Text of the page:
The '''Russian Empire''' (Pre-reform Russian orthography (Reforms of Russian orthography): Россійская Имперія, Modern Russian (Russian language): Российская империя, translit (Romanization of Russian): ''Rossiyskaya Imperiya'') was a state (Sovereign state) that existed from 1721 until overthrown by the short-lived liberal February Revolution in 1917 (February Revolution). . Swain says, "The first government to be formed after the February Revolution of 1917 had, with one exception, been composed of liberals." One of the largest empires (List of largest empires) in world history, stretching over three continents, the Russian Empire was surpassed in landmass only by the British (British Empire) and Mongol (Mongol Empire) empires. It played a major role in 1812–14 in defeating Napoleon's ambitions to control Europe, and expanded to the west and south. It was often in conflict with the Ottoman Empire (which in turn was usually protected by the British).

At the beginning of the 19th century, the Russian Empire extended from the Arctic Ocean in the north to the Black Sea on the south, from the Baltic Sea on the west to the Pacific Ocean, and (until 1867) into Alaska in North America on the east. In pictures: Russian Empire in colour photos, BBC News Magazine, March 2012. With 125.6 million subjects registered by the 1897 census (Russian Empire Census), it had the third largest population in the world at the time, after Qing China (Qing Dynasty) and the British Empire. Like all empires, it included a large disparity in terms of economics, ethnicity, and religion. There were numerous dissident elements, who launched numerous rebellions and assassination attempts; they were closely watched by the secret police, with thousands exiled to Siberia.

Economically, the empire was heavily rural, with low productivity on large estates worked by serfs, until they were freed in 1861. The economy slowly industrialized with the help of foreign investments in railways and factories. The land was ruled by a nobility called Boyars from the 10th through the 17th centuries, and then was ruled by an emperor called the "Tsar" (Emperor of All Russia). Tsar Ivan III (Ivan III of Russia) (1462–1505) laid the groundwork for the empire that later emerged. He tripled the territory of his state, ended the dominance of the Golden Horde, renovated the Moscow Kremlin, and laid the foundations of the Russian state. Tsar Peter the Great (1682–1725) fought numerous wars and built a huge empire that became a major European power. He moved the capital from Moscow to the new model city of St. Petersburg, and led a cultural revolution that replaced some of the traditionalist and medieval social and political system with a modern, scientific, Europe-oriented, and rationalist system.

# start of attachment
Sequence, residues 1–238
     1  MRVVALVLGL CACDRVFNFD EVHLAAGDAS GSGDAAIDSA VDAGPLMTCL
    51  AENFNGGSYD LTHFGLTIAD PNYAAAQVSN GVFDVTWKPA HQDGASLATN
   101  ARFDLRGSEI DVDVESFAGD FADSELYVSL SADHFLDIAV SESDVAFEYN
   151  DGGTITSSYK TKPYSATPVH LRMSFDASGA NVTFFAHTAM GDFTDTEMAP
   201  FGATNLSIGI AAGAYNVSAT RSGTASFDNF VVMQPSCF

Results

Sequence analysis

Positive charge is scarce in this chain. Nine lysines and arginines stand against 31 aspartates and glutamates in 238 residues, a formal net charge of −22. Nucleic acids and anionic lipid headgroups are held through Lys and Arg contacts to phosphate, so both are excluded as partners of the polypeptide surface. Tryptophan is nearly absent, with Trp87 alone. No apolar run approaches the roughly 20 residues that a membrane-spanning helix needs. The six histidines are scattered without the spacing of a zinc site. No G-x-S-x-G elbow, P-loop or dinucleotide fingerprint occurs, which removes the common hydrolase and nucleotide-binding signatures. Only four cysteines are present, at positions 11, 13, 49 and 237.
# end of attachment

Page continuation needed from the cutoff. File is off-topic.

Catherine the Great (1761–1796) presided over a golden age. She expanded the nation rapidly by conquest, colonization and diplomacy. She continued Peter the Great's policy of modernisation along West European lines. Tsar Alexander II (Alexander II of Russia) (1855–1881) promoted numerous reforms, most dramatically the emancipation of all 23 million serfs in 1861. His policy in Eastern Europe was to protect the Orthodox Christians under the rule of the Ottoman Empire. That involvement by 1914 led to Russia's entry into the First World War (World War I) on the side of Serbia and the Allies, and against the German, Austrian and Ottoman empires. Russia was an absolute monarchy until the Revolution of 1905 and then became a constitutional monarchy. The empire collapsed during the February Revolution of 1917 (February Revolution), the result of massive failures in its participation in the First World War.